What I am thinking about today in the midst of all the noise, is the holiday of Chanukah, which begins next week and what can be learned by refracting it through the lens of a post-October 7th landscape.
There is something about Chanukah which is tailor-made for this moment. Chanukah is the only Jewish holiday without a sacred text of its own. (There is a Book of Maccabees, but it is part of the Catholic Bible.) Instead of a public reading, we are commanded to bear silent witness to the miracles of the season with a public doing – the lighting of candles in a window.
There may be no simple Jewish ritual more fraught at this moment in history than this. A common act that, for some, now may be heavy with anxiety, or infused with politics, or mixed with defiance, or filled with pride – or some combination thereof and therein. To do something that is visible to the public through a window that makes it clear that you are Jewish means something this year other or more than it has in other years.
Chanukah is a fascinating holiday for many reasons. In large part, the historical story is more of a civil war within Jewish society than a rebellion against a foreign power. The Maccabees were fighting against (at least) two different strata of Jews – the Hellenizing elite and the acquiescing pietists. The former were all too willing to assimilate and the latter believed it was only for God to act in the world. The Maccabees took matters – and the covenant – into their own hands. They were not content to let the world perfect itself; they understood themselves – and humanity – to be partners in the sacred work of repairing the world.
That’s a gross oversimplification, of course, but that idea of striking a balance between not letting the world overwhelm you, and taking appropriate action to perfect it, feels right – if not a bit too aspirational – for our first post-10/7 Chanukah. Since then, our school, our community and each of us in our own ways have been trying to control the things we can while forgoing what may now feel risky. But we all very much want to feel like we can do something.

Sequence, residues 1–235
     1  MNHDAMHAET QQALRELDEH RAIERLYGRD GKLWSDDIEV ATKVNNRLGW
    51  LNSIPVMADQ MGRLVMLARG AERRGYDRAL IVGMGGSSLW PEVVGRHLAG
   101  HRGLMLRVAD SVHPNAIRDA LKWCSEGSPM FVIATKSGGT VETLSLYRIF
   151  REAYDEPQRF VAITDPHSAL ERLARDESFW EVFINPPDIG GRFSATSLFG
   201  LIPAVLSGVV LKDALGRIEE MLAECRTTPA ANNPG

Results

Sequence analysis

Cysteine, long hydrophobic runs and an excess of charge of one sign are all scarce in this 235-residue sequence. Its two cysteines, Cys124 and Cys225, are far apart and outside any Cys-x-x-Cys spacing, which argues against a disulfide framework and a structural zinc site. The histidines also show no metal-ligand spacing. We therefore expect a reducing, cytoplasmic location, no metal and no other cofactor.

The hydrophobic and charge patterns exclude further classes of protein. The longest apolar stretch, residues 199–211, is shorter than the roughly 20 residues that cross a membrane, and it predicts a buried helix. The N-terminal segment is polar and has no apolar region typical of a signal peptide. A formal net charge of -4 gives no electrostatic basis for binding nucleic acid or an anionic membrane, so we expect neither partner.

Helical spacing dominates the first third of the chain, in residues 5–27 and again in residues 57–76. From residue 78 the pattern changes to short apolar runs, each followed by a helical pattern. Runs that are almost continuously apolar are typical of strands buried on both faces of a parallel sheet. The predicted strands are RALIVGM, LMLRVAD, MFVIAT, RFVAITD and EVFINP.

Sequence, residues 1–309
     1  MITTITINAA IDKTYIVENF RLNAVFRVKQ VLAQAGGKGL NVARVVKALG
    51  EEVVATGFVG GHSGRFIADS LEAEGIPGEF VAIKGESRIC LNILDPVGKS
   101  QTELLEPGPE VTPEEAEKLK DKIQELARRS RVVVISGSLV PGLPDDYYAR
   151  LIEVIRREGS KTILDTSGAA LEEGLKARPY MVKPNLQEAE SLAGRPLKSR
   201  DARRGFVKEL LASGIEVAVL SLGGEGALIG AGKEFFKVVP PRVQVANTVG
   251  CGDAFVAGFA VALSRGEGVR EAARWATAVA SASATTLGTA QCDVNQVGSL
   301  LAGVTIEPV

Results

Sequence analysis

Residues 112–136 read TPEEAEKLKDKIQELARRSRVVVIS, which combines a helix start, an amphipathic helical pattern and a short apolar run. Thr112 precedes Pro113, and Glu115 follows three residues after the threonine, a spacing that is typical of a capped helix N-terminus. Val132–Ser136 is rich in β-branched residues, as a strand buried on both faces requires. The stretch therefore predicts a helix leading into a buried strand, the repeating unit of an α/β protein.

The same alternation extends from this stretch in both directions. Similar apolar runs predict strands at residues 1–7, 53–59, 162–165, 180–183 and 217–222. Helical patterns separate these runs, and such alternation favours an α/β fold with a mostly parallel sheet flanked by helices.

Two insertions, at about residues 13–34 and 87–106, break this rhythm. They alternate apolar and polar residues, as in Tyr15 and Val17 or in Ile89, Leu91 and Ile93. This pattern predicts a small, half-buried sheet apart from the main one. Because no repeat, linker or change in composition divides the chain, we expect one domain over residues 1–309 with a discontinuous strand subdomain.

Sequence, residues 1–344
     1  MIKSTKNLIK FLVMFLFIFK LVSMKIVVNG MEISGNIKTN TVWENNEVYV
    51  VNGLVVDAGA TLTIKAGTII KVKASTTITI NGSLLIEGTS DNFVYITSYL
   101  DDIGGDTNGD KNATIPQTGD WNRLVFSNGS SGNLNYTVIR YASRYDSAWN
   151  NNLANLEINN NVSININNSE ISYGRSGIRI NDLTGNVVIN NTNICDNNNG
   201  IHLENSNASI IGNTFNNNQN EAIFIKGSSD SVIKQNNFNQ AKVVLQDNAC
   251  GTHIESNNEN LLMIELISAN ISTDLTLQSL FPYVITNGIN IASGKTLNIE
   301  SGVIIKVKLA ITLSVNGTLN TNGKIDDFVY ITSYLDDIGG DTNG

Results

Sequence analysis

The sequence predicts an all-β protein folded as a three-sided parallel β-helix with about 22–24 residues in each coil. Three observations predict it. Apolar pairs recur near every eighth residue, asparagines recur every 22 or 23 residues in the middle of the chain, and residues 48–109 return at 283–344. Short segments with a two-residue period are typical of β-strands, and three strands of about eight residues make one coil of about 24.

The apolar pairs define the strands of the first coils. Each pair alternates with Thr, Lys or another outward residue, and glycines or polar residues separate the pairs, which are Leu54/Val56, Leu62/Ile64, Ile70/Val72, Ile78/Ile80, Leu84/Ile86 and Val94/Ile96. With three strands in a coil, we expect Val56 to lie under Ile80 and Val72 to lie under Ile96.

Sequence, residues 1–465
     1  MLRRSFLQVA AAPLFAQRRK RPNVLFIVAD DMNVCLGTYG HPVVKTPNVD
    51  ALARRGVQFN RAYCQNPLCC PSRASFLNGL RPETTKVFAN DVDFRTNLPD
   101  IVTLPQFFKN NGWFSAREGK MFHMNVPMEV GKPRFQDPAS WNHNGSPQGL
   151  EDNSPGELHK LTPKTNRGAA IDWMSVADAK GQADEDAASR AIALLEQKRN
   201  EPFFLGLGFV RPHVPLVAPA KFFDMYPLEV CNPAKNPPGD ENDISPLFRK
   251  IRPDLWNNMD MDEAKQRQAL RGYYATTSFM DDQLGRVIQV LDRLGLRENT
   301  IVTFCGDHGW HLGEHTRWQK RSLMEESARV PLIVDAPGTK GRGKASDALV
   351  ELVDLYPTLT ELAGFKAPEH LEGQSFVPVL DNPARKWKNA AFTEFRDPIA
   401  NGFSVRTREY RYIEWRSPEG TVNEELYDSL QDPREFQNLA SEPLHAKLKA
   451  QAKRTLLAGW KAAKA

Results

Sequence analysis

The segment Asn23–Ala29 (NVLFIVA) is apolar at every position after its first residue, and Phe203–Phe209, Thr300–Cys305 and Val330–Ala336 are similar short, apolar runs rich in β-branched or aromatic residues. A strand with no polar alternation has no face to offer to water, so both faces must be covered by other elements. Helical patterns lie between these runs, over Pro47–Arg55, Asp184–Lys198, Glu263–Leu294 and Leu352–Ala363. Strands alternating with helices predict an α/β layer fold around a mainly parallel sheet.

For our school, it has included things like the amazing experience of welcoming new Israeli families in search of safety and joy or the massive participation in Monday’s Rally. For me, personally, it has been taking on a lot more thought-leadership than I typically do in a bit more political vein than I am normally comfortable doing (see below). People are learning more about Israel, sharing more about Israel, advocating more for Jewish Community and for Israel, and there are lots of stories of folk using this moment to rediscover and reconnect to their Jewish roots. Like the Maccabbees, through human ingenuity and effort, we are active agents in our own salvation.
As we hopefully come through this crisis in the months ahead, let’s hope that by next Chanukah the image of a lit chanukkiah behind a window no longers resonates as a courageous act, but as a simple sharing of our collective joy of the holiday.
Finally, this and each Chanukah, let’s not forget our Jewish values of tzedakah (charity) and kehillah (community). Along with your normal gift-giving, consider donating a night or two of your family’s celebration to Israel whose light of courage amplifies and enhances this Holiday of Lights.
Chag urim sameach from my family to yours.
If you haven’t read, but would like to, my Op-Ed in the Ottawa Citizen, you are welcome to follow this link.
We look forward to safely welcoming you to this year’s special OJCS Chanukah Family Program! Date and time has been communicated directly to parents and we are looking forward to coming together as an OJCS Family…now more than ever.